PLSJC Director Alan Hall writes a weekly column discussing library and community news, history, and other interesting subjects.
The Herald Star is celebrating its Bicentennial this year, as one of the oldest continuously published newspapers in Ohio.
Local newspapers provide local history, a fact sometimes unrecognized by the reader of the daily newspaper.
Without a local newspaper, many local events would simply disappear into history leaving no record for future generations.
Due to the generosity of the Herald Star, the library system has a complete archive of the newspaper back to 1806.
The newspaper was first microfilmed in the 1950s and that film contains what existed of the paper edition of the newspaper at the time of the microfilming.
There is a gap in 1917 as a fire at the newspaper office destroyed those newspapers.
Other gaps exist as the original was lost over time, but essentially it is a complete run of the newspapers back to 1806.
The newspaper staff over the years contained people important to the history of the community.
James Wilson, grandfather of President Woodrow Wilson, owned the newspaper from 1815-1838.
The Herald and the Evening Star came together to form the Herald Star in 1897.
Joseph B. Doyle was the editor, a name known today for his landmark history of Jefferson County published in 1910.
Other newspapers served the county, but only issues of the Toronto Tribune and Ohio Press have survived into the 21st century.
Our newspaper microfilm collection is important to our Local History and Genealogy Department.
We are currently re-bar coding the entire collection to provide better access from our public online catalog.
In addition, we are replacing the original boxes that house the microfilm to acid-free archival boxes that provide better storage for the microfilm.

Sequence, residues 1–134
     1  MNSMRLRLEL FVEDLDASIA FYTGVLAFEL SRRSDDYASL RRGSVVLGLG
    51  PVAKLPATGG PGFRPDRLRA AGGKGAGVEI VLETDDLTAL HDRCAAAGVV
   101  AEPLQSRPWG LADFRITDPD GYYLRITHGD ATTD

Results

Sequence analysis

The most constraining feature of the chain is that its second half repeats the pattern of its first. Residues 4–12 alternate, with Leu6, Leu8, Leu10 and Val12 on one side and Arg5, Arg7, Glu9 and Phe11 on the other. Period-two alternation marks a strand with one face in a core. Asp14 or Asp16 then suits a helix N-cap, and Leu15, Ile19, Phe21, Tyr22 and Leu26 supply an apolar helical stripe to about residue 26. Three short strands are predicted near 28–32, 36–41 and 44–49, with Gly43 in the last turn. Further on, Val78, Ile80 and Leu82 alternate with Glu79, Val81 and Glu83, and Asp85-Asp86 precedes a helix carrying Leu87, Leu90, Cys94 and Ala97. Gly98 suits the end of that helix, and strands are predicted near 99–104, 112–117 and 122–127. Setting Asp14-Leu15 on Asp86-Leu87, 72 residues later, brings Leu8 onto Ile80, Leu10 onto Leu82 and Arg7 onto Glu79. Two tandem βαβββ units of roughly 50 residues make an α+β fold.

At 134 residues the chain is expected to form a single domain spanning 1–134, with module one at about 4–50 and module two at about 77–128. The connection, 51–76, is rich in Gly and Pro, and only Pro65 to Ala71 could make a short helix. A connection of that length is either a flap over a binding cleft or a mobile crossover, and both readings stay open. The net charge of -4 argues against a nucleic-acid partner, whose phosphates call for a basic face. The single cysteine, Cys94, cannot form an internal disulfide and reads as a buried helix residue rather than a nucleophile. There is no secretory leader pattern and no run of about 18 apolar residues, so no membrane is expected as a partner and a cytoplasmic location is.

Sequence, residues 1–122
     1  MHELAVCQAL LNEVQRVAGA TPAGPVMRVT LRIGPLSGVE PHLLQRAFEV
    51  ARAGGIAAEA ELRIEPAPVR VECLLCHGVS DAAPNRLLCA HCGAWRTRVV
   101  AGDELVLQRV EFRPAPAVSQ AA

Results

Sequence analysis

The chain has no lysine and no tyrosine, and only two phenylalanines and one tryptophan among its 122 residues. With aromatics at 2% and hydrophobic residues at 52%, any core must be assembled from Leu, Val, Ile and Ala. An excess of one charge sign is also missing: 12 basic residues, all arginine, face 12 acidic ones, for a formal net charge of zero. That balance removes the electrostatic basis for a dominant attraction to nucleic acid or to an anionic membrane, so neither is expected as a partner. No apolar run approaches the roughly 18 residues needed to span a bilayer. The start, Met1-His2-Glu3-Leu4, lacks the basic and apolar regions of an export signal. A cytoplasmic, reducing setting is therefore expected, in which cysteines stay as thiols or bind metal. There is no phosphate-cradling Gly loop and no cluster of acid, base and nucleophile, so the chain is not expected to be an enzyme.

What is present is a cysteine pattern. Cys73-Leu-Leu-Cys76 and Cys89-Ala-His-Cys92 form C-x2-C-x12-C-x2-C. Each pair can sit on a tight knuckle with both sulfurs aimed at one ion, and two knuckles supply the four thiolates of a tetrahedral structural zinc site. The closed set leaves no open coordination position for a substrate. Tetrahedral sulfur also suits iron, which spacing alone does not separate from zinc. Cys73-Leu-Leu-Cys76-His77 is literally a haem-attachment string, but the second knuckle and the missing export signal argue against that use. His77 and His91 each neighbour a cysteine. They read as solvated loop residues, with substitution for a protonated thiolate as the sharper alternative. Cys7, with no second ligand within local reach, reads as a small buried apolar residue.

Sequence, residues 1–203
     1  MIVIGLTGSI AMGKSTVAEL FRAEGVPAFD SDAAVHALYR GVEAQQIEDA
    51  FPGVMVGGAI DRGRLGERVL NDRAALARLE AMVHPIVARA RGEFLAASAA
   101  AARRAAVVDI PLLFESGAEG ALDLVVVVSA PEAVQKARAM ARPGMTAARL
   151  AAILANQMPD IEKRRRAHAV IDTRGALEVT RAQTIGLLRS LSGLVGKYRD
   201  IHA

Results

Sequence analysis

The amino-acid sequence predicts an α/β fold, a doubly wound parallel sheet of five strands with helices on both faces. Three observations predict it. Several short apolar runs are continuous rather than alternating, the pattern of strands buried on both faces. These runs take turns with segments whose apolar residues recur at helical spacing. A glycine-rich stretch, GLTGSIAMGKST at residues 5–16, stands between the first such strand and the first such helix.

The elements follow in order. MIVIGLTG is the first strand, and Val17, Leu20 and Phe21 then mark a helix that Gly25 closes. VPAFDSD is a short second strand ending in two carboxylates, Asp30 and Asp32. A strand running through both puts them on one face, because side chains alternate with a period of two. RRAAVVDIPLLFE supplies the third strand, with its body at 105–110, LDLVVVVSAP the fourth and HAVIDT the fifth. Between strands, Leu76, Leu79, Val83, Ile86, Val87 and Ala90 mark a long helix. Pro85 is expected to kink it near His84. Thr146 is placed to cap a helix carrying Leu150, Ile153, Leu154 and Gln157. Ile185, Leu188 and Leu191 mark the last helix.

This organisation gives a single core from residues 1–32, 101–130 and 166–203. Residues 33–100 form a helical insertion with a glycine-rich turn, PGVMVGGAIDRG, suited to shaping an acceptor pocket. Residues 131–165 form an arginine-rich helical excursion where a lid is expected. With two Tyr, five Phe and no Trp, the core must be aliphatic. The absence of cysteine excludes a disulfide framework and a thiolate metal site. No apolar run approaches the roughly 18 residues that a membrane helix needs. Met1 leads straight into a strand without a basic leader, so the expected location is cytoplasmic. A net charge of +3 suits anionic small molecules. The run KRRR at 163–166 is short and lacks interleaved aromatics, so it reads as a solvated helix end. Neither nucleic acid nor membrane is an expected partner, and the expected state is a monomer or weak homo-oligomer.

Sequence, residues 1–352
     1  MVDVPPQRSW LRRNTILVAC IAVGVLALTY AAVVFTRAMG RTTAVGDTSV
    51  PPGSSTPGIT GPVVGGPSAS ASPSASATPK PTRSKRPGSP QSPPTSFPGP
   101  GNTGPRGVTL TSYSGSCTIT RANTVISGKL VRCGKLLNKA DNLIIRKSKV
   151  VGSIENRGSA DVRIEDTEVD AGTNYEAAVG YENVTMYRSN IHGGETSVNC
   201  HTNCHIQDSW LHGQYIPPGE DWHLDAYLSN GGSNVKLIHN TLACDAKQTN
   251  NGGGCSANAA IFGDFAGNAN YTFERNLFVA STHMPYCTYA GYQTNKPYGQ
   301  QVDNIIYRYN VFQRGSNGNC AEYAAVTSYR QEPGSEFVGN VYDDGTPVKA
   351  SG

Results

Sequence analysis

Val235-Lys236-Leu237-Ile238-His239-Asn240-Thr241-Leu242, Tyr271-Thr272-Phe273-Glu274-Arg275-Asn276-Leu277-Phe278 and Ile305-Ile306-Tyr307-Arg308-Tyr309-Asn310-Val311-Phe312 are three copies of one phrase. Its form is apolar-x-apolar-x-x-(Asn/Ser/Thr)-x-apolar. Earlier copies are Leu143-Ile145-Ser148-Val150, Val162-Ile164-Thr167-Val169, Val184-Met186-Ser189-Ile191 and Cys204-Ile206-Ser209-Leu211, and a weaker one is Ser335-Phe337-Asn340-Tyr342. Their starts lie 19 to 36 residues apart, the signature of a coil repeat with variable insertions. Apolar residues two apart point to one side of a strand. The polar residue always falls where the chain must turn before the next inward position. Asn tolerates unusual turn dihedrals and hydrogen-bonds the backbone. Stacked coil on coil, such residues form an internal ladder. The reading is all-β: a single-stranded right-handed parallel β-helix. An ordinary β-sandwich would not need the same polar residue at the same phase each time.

The library staff has indexed the first 60 years of newspapers, but there is another 140 years that has not been indexed.
Much of the access is by date, or crosschecking with other sources to find the information.
Often the search is for obituaries contained in the newspapers, but early editions are unlike the newspaper of today.
Local and national news are intermixed into the 4 page edition, obituaries are often not found for weeks or months after the death, if found at all.
If a death is noted, sometimes the obituary contains little information unless the deceased is a local businessman or civic leader.
Newspapers of the 19th century often sensationalized tragic events. Train wrecks, shipwrecks, and fires were favorite events described in every detail.
International events were covered in lengthy detail, since the newspaper was the only source of information in those days.
People today are surprised that the newspaper archives aren't all online today. Some are, but the cost of digitations and electronic storage is enormous.
It is doubtful that local newspapers around the nation will be converted from their microfilm format in the near future.
Newspaper information finds its way into other sources. The Mayor Miller Scrapbooks from the 1960s extracted news articles into a specific format for easier use of the information.
Congratulations to the newspaper for maintaining 200 years of local history, and thanks for giving the library the resources to use it.